A minimum of three years or six terms of full-time residency is required. It is not possible to complete the degree on a part-time basis.
72 credit hours, of which 24 can be granted for an approved Master’s degree or its equivalent, are required past the BA, made up of courses stipulated in the curriculum and electives (including independent study, directed study, in-training programs, and dissertation credits).
Students are required to demonstrate advanced knowledge in one foreign language sufficient to read criticism and drama in the language and sufficient to allow them to attend a play in the language and understand it reasonably well. The language requirement may be fulfilled in four ways.
Up to three sections of World Theatre (as designated by the Diagnostic Exam)
Nine seminar-level courses in history, literature, and critical theory of theatre and performance studies. During the first two semesters of a full-time PhD student’s program, they must take at least three of these seminars in the Department of Theatre Arts.
At least seven of the nine required courses will be advanced graduate seminars in the Department of Theatre Arts (2000 series). The others may be graduate-level (2000 series) listed in any appropriate University department. Courses labeled “research,” “directed study,” or “independent study” cannot be used to fulfill this requirement, except by approval of the Graduate Faculty. The student’s advisor will regularly monitor selection of courses, and approve the overall sequence chosen. No lower-level undergraduate courses numbered 0001-0999 may be applied toward a graduate degree.
PhD Prelim Evaluation
All students who enter the PhD program are required to take the preliminary examination. Students in their first year of doctoral study must take a minimum of three seminars in the department. Their work in those seminars shall constitute the basis for the prelim exam. The exam is designed to assess students’ critical thinking, facility with methodology, and writing skills as well as ability to articulately discuss the course material in the selected seminars.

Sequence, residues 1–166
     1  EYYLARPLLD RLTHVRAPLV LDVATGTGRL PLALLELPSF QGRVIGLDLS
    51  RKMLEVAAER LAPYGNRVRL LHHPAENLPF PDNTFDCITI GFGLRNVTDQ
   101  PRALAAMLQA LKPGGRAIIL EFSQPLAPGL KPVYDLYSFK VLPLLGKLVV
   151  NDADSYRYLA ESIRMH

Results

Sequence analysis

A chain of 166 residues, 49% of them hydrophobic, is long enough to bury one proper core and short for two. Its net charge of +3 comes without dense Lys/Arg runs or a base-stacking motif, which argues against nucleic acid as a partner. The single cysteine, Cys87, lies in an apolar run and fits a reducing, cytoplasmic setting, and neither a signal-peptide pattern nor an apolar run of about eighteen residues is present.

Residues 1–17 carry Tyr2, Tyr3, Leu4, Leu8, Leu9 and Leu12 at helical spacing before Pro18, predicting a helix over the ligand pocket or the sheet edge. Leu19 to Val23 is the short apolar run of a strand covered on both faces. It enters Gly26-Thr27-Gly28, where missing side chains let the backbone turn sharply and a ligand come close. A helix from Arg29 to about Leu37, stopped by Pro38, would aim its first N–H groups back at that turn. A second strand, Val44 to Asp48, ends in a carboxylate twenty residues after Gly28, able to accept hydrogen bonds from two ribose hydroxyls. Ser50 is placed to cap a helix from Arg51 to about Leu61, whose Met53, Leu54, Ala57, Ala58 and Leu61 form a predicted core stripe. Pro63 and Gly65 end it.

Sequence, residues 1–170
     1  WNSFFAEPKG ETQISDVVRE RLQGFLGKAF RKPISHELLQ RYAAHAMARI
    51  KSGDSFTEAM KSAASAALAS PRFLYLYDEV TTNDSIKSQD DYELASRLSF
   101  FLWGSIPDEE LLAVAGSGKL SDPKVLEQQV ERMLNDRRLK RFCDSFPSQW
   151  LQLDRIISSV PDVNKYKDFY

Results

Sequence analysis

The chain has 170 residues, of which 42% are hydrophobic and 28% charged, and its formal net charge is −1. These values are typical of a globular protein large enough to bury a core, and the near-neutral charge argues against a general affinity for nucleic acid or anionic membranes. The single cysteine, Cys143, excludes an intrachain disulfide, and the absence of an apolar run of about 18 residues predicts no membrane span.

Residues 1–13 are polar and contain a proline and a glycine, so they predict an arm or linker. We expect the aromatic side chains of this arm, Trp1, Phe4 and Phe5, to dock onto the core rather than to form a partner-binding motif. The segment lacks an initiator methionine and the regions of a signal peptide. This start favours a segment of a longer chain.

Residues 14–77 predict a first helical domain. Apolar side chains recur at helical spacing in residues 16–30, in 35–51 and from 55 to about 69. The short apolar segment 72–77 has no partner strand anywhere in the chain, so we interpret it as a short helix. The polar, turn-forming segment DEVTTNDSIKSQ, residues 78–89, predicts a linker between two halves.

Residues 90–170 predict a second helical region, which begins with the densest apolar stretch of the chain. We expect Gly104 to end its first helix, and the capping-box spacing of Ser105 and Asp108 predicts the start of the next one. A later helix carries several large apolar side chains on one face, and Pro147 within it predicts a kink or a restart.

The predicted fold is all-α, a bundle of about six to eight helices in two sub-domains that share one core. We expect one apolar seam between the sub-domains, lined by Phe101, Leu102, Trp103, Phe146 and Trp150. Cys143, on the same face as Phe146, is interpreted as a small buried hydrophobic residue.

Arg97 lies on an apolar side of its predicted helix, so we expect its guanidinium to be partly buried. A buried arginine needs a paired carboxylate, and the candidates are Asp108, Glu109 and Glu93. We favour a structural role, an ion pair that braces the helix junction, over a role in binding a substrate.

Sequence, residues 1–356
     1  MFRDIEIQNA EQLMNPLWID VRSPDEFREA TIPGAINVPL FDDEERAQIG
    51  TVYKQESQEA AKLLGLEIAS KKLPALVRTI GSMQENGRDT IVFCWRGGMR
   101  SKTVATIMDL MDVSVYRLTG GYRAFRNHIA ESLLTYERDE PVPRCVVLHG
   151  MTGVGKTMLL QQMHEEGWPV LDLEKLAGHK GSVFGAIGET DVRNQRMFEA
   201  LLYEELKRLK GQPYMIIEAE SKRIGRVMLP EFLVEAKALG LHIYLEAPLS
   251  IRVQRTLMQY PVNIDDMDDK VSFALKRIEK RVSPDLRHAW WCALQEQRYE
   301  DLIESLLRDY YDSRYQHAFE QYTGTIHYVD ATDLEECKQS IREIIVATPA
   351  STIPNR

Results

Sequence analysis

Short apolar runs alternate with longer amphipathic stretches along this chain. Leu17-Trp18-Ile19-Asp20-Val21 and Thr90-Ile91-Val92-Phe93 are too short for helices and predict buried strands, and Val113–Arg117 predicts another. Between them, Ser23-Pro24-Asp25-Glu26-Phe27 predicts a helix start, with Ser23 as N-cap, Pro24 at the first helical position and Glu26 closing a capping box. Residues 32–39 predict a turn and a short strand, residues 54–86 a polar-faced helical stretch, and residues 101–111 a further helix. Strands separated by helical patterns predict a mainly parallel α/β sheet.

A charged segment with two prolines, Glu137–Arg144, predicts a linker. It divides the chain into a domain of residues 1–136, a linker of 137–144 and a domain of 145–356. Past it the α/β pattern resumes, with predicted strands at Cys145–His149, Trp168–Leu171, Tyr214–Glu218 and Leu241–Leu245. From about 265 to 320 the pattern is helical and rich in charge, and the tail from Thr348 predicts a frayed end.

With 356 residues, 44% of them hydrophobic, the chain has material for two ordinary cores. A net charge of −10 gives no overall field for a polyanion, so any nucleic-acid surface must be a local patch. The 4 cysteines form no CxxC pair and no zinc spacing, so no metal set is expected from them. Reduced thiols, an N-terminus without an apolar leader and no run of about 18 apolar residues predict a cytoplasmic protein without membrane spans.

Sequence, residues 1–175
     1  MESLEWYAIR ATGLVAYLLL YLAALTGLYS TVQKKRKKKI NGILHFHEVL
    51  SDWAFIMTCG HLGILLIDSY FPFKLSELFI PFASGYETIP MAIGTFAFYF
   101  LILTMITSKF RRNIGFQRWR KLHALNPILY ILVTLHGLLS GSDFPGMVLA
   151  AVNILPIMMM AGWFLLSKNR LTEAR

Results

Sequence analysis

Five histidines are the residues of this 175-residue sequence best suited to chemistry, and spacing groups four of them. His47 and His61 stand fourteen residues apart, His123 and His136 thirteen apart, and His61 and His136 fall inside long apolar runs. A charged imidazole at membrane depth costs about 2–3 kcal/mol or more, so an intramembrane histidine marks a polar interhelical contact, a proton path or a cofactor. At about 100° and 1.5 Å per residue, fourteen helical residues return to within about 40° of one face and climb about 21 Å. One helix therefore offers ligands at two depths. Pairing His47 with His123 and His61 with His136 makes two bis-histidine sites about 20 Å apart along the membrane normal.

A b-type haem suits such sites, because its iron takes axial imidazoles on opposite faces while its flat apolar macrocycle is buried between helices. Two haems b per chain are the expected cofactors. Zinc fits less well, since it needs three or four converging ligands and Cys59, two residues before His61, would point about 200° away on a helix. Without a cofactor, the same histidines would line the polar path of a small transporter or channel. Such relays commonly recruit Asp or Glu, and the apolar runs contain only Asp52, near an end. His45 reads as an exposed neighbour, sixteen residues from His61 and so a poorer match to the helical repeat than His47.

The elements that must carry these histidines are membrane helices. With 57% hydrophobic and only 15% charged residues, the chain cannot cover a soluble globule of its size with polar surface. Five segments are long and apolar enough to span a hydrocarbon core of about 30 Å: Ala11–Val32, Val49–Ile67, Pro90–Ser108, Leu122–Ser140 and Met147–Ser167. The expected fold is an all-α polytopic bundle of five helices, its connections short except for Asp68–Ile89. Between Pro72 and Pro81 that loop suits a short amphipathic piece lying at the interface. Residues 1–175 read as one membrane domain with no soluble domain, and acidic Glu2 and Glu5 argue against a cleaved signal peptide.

By the end of their second year, students should begin to consider and discuss with faculty areas for their comprehensive exam that fall into the three categories: Critical Methodologies and Theoretical Discourses; Historical Discourses; Textual Discourses.
By the beginning of their third year, three areas of study should be approved. Through the comprehensive examination, students demonstrate both breadth and depth in regards to theatre and performance history, theory, and practice.
The prospectus proposes the subject and plan for the completion of the dissertation. The graduate faculty member who will serve as chair for the student’s dissertation committee will provide guidance for the completion of the prospectus. Once the committee chair has approved the prospectus, the student will schedule a defense with all of the members of their PhD committee.
Dissertation and Final Examination
The University of Pittsburgh’s Graduate and Professional Bulletin outlines the requirements for the final stage of the degree, which is the preparation and defense of a dissertation. This written work, which must embody an extended original investigation of a problem of significance to theatre arts or performance studies, is the capstone to the research program of a student’s training.